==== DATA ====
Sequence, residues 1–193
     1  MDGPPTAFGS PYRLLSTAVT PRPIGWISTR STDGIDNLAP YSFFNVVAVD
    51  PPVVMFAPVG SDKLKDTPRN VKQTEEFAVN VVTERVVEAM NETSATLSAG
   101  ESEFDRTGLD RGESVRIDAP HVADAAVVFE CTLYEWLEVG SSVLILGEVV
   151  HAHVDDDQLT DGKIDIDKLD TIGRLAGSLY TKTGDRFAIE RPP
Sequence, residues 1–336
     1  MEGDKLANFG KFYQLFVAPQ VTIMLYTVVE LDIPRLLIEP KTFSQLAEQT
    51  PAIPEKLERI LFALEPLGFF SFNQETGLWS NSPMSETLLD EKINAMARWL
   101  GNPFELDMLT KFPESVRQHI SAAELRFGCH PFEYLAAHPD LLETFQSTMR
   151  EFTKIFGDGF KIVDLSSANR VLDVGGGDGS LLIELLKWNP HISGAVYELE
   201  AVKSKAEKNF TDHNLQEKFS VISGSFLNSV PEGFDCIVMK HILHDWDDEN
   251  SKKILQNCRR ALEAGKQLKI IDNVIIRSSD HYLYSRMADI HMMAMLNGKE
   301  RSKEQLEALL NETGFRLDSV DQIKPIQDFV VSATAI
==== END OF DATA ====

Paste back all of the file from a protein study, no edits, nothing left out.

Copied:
Sequence, residues 1–193
     1  MDGPPTAFGS PYRLLSTAVT PRPIGWISTR STDGIDNLAP YSFFNVVAVD
    51  PPVVMFAPVG SDKLKDTPRN VKQTEEFAVN VVTERVVEAM NETSATLSAG
   101  ESEFDRTGLD RGESVRIDAP HVADAAVVFE CTLYEWLEVG SSVLILGEVV
   151  HAHVDDDQLT DGKIDIDKLD TIGRLAGSLY TKTGDRFAIE RPP
Sequence, residues 1–336
     1  MEGDKLANFG KFYQLFVAPQ VTIMLYTVVE LDIPRLLIEP KTFSQLAEQT
    51  PAIPEKLERI LFALEPLGFF SFNQETGLWS NSPMSETLLD EKINAMARWL
   101  GNPFELDMLT KFPESVRQHI SAAELRFGCH PFEYLAAHPD LLETFQSTMR
   151  EFTKIFGDGF KIVDLSSANR VLDVGGGDGS LLIELLKWNP HISGAVYELE
   201  AVKSKAEKNF TDHNLQEKFS VISGSFLNSV PEGFDCIVMK HILHDWDDEN
   251  SKKILQNCRR ALEAGKQLKI IDNVIIRSSD HYLYSRMADI HMMAMLNGKE
   301  RSKEQLEALL NETGFRLDSV DQIKPIQDFV VSATAI